Imagine Dragons’ Dan Reynolds hopes LDS leaders will see ‘Believer,’ his film about Mormon LGBT youths

Documentary, about Reynolds wrestling with his faith and organizing the first LoveLoud festival, got a standing ovation at its Sundance premiere.

(Rick Egan | The Salt Lake Tribune) Dan Reynolds, on the red carpet for the premiere of "Believer," a documentary about Imagine Dragons frontman Dan Reynolds trying to reconcile his Mormon beliefs with his support for LGBTQ community in Park CIty at the Sundance Film Festival, Saturday, January 20, 2018.

Park City • Rock star Dan Reynolds was once a Mormon missionary, and in a documentary that premiered at the 2018 Sundance Film Festival, he declares a new mission: to urge leaders of his faith to stop shaming their LGBT members.

“A determined Mormon is a scary thing, I can tell you that, because they don’t stop,” Reynolds, singer for the band Imagine Dragons, declares in “Believer,” a documentary that received a standing ovation from some 500 Sundance attendees at its first screening late Saturday night.

The movie will receive a broader audience this summer, director Don Argott told the audience after the film. “Believer” was picked up before the festival by HBO Documentary Films, with plans for a theatrical release this summer and a debut on HBO after that.

(Don Argott | courtesy Sundance Institute) Dan Reynolds, frontman for the band Imagine Dragons, is profiled in Don Argott's "Believer," which will screen in the Documentary Premieres section of the 2018 Sundance Film Festival.

There’s another audience Reynolds hopes will watch the movie: the leadership of The Church of Jesus Christ of Latter-day Saints.

“I hope that [LDS Church President Russell M. Nelson] and the apostles take the time to watch this documentary, to see the faces, to hear the voices, to hear the stories, of these Mormon youth,” Reynolds told The Tribune earlier Saturday. Reynolds added that he would like to talk about “how to have real change. Because speaking in platitudes of love will not create that change.”

Reynolds said he “is trying to stay really optimistic right now” about last week’s selection of Nelson as president of the LDS Church and Dallin H. Oaks and Henry B. Eyring as his counselors. The film includes harsh rhetoric about LGBT people, including LDS General Conference talks by Nelson in 1995 and Oaks from last October. (The movie was completed before the death of President Thomas S. Monson on Jan. 2 and will likely be updated before general release.)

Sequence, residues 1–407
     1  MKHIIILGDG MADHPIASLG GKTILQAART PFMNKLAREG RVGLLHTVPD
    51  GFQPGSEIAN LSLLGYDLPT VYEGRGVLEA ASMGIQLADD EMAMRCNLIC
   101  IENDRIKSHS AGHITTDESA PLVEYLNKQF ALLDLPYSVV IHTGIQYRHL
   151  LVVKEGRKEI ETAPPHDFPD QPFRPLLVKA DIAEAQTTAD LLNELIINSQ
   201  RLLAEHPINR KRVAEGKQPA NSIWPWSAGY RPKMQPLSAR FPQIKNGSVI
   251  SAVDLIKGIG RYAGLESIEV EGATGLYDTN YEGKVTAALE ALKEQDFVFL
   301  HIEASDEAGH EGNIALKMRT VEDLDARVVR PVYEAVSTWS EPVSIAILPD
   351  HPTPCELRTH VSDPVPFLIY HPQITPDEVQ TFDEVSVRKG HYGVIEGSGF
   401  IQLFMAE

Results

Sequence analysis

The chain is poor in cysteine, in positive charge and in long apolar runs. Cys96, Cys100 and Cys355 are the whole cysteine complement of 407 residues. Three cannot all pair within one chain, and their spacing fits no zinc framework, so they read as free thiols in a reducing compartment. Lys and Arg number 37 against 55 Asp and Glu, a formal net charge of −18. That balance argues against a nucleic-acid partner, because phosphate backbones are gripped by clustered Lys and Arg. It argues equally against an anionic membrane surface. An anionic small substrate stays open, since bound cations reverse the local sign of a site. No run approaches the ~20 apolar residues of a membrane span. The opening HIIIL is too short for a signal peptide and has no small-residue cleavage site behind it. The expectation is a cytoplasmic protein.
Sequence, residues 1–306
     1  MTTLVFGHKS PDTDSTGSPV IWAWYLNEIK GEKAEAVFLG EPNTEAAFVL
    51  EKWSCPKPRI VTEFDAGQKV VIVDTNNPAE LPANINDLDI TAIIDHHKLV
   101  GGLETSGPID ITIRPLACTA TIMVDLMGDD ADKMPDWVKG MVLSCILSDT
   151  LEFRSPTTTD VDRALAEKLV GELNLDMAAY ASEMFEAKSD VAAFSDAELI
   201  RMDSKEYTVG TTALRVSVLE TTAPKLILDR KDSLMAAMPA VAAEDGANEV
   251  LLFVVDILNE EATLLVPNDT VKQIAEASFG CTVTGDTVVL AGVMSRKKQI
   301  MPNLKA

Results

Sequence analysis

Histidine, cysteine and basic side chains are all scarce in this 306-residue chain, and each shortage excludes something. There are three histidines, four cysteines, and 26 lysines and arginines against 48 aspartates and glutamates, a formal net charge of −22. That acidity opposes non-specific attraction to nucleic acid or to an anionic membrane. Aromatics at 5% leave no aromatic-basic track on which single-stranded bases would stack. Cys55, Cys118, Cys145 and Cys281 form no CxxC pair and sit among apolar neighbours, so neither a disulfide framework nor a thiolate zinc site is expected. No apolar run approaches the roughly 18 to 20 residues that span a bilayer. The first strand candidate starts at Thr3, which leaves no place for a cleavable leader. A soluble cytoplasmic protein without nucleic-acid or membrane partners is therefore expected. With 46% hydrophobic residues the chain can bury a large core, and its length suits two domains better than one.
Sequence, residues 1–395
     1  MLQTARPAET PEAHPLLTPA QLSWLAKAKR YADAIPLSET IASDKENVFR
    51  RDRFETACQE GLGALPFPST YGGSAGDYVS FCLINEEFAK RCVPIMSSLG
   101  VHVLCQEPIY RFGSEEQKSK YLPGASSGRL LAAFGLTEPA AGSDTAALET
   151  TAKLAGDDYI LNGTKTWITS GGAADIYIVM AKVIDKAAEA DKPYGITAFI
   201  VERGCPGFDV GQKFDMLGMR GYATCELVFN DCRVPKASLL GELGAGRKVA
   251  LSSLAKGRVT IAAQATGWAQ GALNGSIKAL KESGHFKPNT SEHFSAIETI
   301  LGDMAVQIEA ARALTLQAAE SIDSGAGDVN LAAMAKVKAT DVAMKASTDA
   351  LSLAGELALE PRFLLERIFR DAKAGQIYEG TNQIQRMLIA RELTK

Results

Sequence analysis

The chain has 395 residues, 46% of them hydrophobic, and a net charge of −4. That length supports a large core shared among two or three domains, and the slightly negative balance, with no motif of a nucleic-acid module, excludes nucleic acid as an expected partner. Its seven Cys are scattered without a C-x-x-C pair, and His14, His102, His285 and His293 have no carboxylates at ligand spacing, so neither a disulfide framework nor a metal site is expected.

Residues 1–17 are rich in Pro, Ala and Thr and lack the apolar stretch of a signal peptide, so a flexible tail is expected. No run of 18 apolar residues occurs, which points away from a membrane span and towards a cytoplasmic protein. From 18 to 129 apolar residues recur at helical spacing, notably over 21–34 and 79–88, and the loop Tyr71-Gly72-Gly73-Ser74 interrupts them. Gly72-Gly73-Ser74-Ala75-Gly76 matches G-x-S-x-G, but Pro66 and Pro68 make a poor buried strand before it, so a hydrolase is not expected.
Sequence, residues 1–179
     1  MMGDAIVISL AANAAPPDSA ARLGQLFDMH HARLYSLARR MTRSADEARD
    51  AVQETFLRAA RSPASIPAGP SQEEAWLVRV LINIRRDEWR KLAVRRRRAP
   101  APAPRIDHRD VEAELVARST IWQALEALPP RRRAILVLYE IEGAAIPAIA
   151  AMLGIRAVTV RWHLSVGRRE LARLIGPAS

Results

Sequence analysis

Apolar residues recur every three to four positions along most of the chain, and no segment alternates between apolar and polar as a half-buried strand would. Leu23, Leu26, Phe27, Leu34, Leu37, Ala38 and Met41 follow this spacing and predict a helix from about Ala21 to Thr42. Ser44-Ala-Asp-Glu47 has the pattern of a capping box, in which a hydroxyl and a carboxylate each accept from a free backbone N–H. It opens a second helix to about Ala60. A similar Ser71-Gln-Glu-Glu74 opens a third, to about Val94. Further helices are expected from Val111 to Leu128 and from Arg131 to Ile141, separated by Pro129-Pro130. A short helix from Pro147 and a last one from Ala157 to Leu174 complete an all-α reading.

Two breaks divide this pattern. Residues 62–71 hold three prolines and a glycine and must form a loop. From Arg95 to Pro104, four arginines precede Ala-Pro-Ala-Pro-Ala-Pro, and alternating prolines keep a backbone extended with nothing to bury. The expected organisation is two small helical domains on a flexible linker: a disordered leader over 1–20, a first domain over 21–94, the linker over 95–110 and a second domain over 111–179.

Reynolds’ friend Tyler Glenn, lead singer of the band Neon Trees, is less hopeful.

“It’s a setback,” Glenn told The Tribune on Saturday. “I want everyone to feel safe, and that’s a very unsafe choice.”

Glenn, who grew up Mormon but is now inactive, came out as gay in 2014. He appears prominently in the movie, as Neon Trees played before Imagine Dragons at the LoveLoud Festival.

Reynolds told the Sundance audience that he spoke to a couple of LDS apostles after he staged the LoveLoud Festival, a benefit concert in Orem last August designed to bring together Mormons and the LGBT community. Much of “Believer” focuses on the organization of the festival, the first of what he vows will be an annual event.

“They said, ‘You know what? We do have a problem with our youth,’” Reynolds said of his meeting. He said his reply was “if you’re telling them their innate sense of love, which is unchangeable, is wrong, you’re going to have this problem.”

Reynolds told The Tribune that he hopes to continue a dialogue with LDS leaders, “to move forward and progress towards an actual healthy place for our LGBT youth. Because where it stands right now, it’s not.”

The film, directed by Argott and produced by Live Nation Productions, outlines policies over what the LDS Church calls “same-sex attraction,” including encouraging LGBT people to marry members of the opposite sex (a stance the faith has since officially abandoned) or to abstain from sex altogether.

Advocates point to the November 2015 edict — labeling same-sex Mormon couples “apostates” and forbidding their children from baptism and other religious rites until they become adults — as particularly divisive and harmful.

“As long as those policies are still intact,” Reynolds said, “our LGBT youth still have high percentages of depression, anxiety and suicide.”

Last week, Gov. Gary Herbert formed a state task force to examine the rising number of Utah teens taking their own lives. One possible cause often cited is the fear of being ostracized because of their sexual orientation.

There’s another audience Reynolds said he would like to reach with “Believer”: students at LDS Church-owned Brigham Young University. He told the Sundance audience that he was set to attend the school until he was expelled after admitting to having sex with his girlfriend, violating the school’s Honor Code.

During Saturday night’s Q&A, he joked, “I’m still technically a student at BYU. … I would like to show my student film.”